Volcanoes on the Moon? Research shows that lunar surface may one day have lava flows

Posted on February 20, 2012

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Hundreds of millions of years ago the Moon was bristling with active volcanoes – and now scientists predict that the lunar surface will one day have lava flows again.

Researchers from VU University in Amsterdam explain that the Moon is cooling down and with it the lunar magma at its core, which will become less dense as the temperature drops and eventually rise upwards.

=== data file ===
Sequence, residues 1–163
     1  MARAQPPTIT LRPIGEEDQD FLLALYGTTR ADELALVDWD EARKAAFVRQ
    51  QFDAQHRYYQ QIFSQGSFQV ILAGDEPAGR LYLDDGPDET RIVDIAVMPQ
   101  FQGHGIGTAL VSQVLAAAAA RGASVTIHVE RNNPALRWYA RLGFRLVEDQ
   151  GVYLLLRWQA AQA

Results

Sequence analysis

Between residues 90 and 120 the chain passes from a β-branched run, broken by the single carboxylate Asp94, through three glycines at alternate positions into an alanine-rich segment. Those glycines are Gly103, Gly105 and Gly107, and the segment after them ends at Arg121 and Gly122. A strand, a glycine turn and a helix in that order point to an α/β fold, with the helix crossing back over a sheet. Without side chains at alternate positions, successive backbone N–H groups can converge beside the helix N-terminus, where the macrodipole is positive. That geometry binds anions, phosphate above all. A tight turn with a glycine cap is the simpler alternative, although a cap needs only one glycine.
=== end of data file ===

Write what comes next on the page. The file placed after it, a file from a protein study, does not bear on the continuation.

‘What a sight that would be,’ said lead researcher Wim van Westrenen.

Moonquake data suggests that there is lots of liquid magma deep within the Moon because around 30 per cent of the rocks there are thought to be molten – but the surface is peaceful.

In the Earth, such bodies of magma tend to move towards the surface leading to volcanic eruptions.

If the deep interior of the Moon contains so much magma, why don’t we see spectacular volcanic eruptions at its surface?

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